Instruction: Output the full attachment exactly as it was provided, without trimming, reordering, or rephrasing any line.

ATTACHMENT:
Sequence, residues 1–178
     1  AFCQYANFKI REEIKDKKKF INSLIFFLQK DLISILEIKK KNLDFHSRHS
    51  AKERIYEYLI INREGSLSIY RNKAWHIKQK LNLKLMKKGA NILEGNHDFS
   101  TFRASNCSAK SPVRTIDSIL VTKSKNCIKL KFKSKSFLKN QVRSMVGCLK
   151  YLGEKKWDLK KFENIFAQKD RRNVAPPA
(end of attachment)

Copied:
Sequence, residues 1–178
     1  AFCQYANFKI REEIKDKKKF INSLIFFLQK DLISILEIKK KNLDFHSRHS
    51  AKERIYEYLI INREGSLSIY RNKAWHIKQK LNLKLMKKGA NILEGNHDFS
   101  TFRASNCSAK SPVRTIDSIL VTKSKNCIKL KFKSKSFLKN QVRSMVGCLK
   151  YLGEKKWDLK KFENIFAQKD RRNVAPPA